Roughly 70 million adults in the U.S. have a criminal record. Additionally, more than 1 million youth are charged with crimes and acquire juvenile court records each year. This amounts to roughly 1 in 3 Americans. Of those, millions are eligible to have their records cleared; however, a University of Michigan Law School study shows that less than 10% of Americans get their records expunged, even if they are entitled to it. This problem—called the Second Chance Gap by some researchers who study the issue—is causing growing concern among policymakers across the country.
In recent years, policymakers and criminal justice stakeholders have paid increasing attention to the substantial barriers to employment, housing and social integration that criminal records can pose. These indirect sentencing consequences are often referred to as collateral consequences. Some examples include restrictions on public benefits eligibility and occupational licensing.
Some collateral consequences have a direct link to public safety matters, making them important to many policymakers. For example, people convicted of assault or physical abuse are prohibited from working with children or the elderly for the safety of the community. Similarly, barring someone who was convicted of fraud from a position of public trust is in the best interest of the community. Through criminal record-clearing policies, legislators are attempting to balance community safety with effectively reintegrating people with prior criminal records into the community.
States often use a variety of language to describe record clearance, including annulment, destruction, dismissal, erasure, expungement, sealing, set-aside and vacatur. In fact, some states may use the same language, but the terms have drastically different meanings. As such, it is important to identify and know your individual state’s definitions of these terms. This policy snapshot will define and explain the variety of terminology used by states when enacting criminal record-clearing laws.
Despite language differences, the commonality between states’ criminal record-clearance laws is they enable an individual’s criminal history information to be removed from easy public access, most often with the goal of improving employment and other outcomes for the affected person.
||The act of nullifying or making void.
||To damage (something) so thoroughly as to make unusable, unreliable or nonexistent; to ruin.
||Termination of an action, claim or charge without further hearing, especially before a trial; a judge’s decision to stop a court case with an order or judgment that imposes no civil or criminal liability on the defendant with respect to the case.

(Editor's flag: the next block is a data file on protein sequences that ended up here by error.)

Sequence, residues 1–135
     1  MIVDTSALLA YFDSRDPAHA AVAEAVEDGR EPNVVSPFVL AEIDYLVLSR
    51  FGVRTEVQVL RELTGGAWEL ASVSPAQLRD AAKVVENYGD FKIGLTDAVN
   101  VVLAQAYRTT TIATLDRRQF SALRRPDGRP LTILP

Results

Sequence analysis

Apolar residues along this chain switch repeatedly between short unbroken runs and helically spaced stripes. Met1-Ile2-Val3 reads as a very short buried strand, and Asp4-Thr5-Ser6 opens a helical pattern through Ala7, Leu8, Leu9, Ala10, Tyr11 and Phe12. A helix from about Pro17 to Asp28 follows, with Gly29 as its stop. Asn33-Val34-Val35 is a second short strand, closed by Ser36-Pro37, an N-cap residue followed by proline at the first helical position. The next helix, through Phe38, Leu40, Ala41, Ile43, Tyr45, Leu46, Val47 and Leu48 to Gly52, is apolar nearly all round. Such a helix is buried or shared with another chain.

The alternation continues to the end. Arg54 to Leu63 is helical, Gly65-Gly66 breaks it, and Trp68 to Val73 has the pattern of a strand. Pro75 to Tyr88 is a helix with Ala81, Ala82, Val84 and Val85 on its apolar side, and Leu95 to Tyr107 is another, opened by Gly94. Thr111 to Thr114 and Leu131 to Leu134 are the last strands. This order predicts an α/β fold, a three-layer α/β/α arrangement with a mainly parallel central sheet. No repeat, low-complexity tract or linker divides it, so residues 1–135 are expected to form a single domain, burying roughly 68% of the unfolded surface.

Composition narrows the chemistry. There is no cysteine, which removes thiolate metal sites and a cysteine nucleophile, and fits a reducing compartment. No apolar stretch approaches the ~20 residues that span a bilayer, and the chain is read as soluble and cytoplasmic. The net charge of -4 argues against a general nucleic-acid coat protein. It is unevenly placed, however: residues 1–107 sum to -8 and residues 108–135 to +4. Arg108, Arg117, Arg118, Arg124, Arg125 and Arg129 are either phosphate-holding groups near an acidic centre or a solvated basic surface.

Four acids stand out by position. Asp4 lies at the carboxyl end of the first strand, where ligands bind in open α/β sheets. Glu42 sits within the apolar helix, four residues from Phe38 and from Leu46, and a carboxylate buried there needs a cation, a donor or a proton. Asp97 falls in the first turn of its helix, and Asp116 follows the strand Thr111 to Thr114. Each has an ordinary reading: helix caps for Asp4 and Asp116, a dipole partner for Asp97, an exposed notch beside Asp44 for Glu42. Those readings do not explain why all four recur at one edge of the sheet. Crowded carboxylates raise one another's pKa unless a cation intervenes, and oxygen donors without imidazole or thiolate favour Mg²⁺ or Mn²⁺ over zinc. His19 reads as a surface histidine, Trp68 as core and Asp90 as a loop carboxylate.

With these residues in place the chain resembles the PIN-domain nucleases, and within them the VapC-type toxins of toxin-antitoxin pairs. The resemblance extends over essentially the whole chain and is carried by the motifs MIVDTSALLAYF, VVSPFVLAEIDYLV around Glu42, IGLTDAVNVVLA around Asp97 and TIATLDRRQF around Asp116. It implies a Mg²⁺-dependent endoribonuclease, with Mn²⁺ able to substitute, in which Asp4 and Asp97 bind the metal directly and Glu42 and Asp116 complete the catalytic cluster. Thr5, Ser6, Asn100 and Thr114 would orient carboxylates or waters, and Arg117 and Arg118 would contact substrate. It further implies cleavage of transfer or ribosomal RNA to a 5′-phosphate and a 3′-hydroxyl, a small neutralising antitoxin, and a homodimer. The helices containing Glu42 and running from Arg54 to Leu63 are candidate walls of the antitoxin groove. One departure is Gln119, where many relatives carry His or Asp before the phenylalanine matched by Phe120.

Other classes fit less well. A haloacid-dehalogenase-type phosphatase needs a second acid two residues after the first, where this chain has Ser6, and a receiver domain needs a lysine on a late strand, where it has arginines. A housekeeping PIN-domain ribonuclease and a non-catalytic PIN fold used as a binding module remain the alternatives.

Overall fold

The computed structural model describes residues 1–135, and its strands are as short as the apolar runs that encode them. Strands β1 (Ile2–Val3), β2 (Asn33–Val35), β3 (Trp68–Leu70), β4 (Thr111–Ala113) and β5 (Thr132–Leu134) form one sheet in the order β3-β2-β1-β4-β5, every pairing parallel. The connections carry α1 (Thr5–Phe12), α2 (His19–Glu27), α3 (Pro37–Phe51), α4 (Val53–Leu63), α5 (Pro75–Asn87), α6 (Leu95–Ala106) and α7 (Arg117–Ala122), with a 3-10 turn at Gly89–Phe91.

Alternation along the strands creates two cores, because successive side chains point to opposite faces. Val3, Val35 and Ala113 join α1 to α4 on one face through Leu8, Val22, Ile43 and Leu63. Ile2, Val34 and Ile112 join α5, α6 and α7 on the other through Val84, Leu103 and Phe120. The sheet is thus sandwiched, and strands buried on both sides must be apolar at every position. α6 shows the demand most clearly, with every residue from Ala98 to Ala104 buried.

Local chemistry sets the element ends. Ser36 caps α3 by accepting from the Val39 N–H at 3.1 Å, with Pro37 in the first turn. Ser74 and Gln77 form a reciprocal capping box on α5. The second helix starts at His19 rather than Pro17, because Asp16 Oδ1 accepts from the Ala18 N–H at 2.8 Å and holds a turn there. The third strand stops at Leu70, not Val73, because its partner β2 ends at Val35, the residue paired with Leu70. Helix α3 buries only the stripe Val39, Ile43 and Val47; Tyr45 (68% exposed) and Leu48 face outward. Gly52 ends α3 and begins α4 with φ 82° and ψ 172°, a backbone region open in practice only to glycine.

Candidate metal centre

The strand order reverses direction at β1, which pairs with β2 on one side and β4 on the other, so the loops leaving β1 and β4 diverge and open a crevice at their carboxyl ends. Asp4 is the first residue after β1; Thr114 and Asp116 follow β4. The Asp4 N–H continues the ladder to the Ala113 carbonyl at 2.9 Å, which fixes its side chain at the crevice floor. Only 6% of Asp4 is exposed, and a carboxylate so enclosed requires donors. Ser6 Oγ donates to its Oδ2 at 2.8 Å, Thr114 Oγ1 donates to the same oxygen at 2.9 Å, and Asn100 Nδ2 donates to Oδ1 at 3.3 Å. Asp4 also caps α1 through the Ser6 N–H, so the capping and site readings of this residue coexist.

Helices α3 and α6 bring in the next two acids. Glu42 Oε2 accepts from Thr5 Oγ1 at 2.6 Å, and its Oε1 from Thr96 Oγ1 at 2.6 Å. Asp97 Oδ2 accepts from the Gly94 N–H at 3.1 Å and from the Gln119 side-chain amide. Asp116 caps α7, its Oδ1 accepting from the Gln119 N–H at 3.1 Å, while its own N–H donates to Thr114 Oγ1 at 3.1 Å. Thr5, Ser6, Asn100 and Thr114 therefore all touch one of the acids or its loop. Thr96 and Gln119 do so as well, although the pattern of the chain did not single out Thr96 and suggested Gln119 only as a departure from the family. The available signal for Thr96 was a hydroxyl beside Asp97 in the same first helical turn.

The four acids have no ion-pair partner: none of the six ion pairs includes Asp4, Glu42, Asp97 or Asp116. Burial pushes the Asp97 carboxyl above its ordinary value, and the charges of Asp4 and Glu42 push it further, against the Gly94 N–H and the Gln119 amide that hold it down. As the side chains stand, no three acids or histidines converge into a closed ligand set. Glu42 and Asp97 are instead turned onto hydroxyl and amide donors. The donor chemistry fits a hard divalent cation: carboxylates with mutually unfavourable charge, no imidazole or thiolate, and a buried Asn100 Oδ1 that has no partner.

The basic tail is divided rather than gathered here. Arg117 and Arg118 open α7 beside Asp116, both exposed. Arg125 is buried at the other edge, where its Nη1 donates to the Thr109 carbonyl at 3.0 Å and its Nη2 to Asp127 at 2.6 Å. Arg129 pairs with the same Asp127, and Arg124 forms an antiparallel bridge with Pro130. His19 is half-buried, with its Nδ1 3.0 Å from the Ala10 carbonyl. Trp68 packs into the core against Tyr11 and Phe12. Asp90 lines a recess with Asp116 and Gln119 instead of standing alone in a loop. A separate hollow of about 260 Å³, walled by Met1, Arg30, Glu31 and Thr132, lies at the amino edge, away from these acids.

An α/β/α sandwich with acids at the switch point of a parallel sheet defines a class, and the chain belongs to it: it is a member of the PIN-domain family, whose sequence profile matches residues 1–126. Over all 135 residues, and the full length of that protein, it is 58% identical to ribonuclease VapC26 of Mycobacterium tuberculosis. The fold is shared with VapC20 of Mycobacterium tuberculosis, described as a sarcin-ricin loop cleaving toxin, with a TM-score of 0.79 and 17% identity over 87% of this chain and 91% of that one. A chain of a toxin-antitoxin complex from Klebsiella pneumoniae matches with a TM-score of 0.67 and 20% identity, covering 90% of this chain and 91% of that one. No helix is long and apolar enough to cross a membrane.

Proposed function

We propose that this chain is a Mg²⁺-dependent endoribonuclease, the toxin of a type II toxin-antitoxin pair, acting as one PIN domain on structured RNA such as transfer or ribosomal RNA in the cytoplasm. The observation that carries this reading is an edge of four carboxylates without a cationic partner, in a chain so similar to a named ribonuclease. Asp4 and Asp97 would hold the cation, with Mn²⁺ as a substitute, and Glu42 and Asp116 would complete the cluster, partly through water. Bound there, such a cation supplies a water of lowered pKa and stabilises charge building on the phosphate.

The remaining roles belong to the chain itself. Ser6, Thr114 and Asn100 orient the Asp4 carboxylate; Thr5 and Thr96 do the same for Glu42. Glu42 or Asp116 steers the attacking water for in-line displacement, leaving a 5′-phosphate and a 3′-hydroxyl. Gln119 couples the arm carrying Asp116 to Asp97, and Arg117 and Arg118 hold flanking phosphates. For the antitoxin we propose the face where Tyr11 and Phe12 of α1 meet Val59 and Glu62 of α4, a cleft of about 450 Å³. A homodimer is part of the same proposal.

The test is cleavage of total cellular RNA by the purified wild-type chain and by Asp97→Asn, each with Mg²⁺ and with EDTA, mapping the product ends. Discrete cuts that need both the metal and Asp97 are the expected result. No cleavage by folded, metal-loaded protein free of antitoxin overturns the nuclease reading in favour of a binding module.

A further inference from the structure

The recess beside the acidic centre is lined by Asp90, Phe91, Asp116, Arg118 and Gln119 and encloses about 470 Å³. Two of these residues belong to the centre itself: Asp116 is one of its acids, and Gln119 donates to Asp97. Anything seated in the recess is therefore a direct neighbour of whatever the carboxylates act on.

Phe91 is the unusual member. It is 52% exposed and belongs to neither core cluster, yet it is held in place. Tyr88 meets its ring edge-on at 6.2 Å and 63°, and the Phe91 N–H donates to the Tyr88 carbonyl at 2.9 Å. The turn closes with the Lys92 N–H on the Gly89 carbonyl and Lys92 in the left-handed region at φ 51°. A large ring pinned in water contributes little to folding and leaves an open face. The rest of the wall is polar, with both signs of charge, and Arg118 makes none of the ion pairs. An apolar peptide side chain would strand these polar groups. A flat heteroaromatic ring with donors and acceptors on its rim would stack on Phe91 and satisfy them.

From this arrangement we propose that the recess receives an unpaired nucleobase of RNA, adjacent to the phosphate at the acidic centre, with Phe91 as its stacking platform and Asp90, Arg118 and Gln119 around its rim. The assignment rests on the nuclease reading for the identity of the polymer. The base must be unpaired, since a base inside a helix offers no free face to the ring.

||The removal of a conviction (especially for a first offense) from a person’s criminal record.
||To remove from a record, list or book; to erase or destroy.
||To prevent access to (a document, record, etc.), especially by court order; to seal the record of the proceedings.
||To annul or vacate (a judgment, order, etc.).
|| The act of annulling or setting aside.
*Definitions taken from Black's Law Dictionary (11th ed. 2019)
Examples of Terminology
As you will see below, states have vastly different and nuanced approaches to record clearing. What might be called expungement in one state may be entirely different to expungement in another. A few examples of states’ definitions for record clearing are described below.
Under New Hampshire law, a person whose record is annulled shall be treated in all respects as if he or she had never been arrested, convicted or sentenced. However, upon conviction of any crime committed after the order of annulment, the prior annulled conviction may be considered by the court in determining habitual offender status and sentencing. The law provides that court records relating to an annulled arrest, conviction or sentence shall be sealed and available only to the person whose record was annulled, his or her attorney, a court for sentencing, or for law enforcement personnel for legitimate law enforcement purposes.
Additionally, the law states in any application for employment, license or other civil right or privilege, a person does not have to report his or her criminal conviction. A person may be questioned about a previous criminal record only in terms such as, “Have you ever been arrested for or convicted of a crime that has not been annulled by a court?”